The thing about these unorthodox players is that everyone assumes that they are LAGtards just hurling chips around. This isn't necessarily the case. Remember when Patrik Antonius utilized an unorthodox style during the WSOP
a few years back? He seemed to be raising pre-flop with anything. When your quality hand missed the flop and he fired a c-bet, there was no way to know if he hit because it was just about impossible to put him on a hand. He could have anything.
What makes these guys good is knowing when to lay a hand down and knowing when to keep putting the pressure on. If they see that you've been playing tight, then they know a you probably missed the flop when a bunch of small cards hit. When you call on the flop, they know it's likely that you're hoping to hit an overcard. When one doesn't come, they keep firing. And with each street, as the pot increases, so does the size of their bets. It becomes harder and harder to make those calls, counting on hitting one of those overs, knowing that this guys range is wide enough to have hit any card on the board already.
I think the key to playing against these guys is to open your range up slightly. You don't need try to outLAG them, especially if you're not comfortable playing that kind of style. And when I say open your range up slightly, I mean against this particular player. I'm not saying you should be playing bingo against half the table. If someone else wants to mix it up with this guy, get out of the way and let him do it. Just because you're including more hands in your range doesn't mean that you have to play them every time you get them or from every position.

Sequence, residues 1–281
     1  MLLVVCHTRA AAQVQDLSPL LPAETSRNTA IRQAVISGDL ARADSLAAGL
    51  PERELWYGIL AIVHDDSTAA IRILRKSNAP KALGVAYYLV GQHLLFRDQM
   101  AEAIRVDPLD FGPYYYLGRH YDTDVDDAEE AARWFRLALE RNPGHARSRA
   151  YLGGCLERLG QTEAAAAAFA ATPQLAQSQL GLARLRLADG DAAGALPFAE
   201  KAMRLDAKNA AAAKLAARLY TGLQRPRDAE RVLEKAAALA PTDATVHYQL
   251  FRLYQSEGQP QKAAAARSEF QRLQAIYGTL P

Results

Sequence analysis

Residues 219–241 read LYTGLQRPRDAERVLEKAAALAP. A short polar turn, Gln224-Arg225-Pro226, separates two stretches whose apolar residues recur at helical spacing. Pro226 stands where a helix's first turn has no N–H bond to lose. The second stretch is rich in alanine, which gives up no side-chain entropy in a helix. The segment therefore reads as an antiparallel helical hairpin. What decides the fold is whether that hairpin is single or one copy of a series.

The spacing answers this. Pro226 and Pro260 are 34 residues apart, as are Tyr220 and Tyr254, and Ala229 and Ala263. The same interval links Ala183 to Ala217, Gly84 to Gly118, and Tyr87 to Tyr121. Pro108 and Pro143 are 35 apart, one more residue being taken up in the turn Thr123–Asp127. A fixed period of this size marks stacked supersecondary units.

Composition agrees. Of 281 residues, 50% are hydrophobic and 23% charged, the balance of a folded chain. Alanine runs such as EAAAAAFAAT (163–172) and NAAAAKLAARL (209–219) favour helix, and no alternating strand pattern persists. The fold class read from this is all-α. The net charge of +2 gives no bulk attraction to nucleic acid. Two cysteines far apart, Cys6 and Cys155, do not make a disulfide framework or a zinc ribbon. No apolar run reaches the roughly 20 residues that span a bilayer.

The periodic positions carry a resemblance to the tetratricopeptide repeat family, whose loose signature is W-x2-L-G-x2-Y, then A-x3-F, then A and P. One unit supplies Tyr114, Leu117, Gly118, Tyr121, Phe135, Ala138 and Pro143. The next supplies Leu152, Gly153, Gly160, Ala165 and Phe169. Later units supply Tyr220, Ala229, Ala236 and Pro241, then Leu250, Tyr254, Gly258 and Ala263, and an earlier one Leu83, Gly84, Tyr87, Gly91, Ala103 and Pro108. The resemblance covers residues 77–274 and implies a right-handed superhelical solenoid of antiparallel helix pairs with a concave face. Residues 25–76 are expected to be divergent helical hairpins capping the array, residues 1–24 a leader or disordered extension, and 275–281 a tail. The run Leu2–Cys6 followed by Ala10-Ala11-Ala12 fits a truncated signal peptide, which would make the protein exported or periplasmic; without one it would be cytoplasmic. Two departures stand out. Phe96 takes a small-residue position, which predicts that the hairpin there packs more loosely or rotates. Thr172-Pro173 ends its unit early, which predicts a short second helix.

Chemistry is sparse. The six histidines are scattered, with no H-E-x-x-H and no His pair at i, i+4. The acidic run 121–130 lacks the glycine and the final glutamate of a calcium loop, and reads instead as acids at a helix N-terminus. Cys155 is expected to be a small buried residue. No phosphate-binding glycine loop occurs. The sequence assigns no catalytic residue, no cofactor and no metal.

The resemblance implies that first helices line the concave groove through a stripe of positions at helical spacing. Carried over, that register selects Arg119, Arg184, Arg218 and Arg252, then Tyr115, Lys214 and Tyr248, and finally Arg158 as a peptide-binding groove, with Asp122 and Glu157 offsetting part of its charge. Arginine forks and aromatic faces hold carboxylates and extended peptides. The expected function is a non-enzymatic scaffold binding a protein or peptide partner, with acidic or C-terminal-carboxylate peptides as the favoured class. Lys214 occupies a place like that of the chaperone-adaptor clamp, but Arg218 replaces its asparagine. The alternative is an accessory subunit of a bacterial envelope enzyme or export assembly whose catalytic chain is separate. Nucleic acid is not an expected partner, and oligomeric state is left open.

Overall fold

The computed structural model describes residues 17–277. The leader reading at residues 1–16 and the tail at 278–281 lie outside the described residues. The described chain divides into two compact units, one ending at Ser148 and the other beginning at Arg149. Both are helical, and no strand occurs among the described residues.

One thing I do against these players is to defend my blinds a little more strenuously than I might otherwise. Who says their random two cards are gonna be better than my random two cards. Let's play. I will definitely play back at these players pre-flop when I'm dealt hands in my normal raising range. Normally I wouldn't play hands that I wouldn't be willing to raise with. These hands are now good for a 3-bet against this particular player.
And switch it up. Don't become predictable. For the most part you want to be playing fit or fold. If you don't flop it, drop it, unless you pick up a good draw like an open ender or a flush draw. If you hit and are first to act, try check raising. See if that tames his aggression any. Once it does, start leading out when you hit. Try to make him pay if you can, but don't let him see any cards for free. Change it up from time to keep him off balance. Before long, he'll be the one playing tight.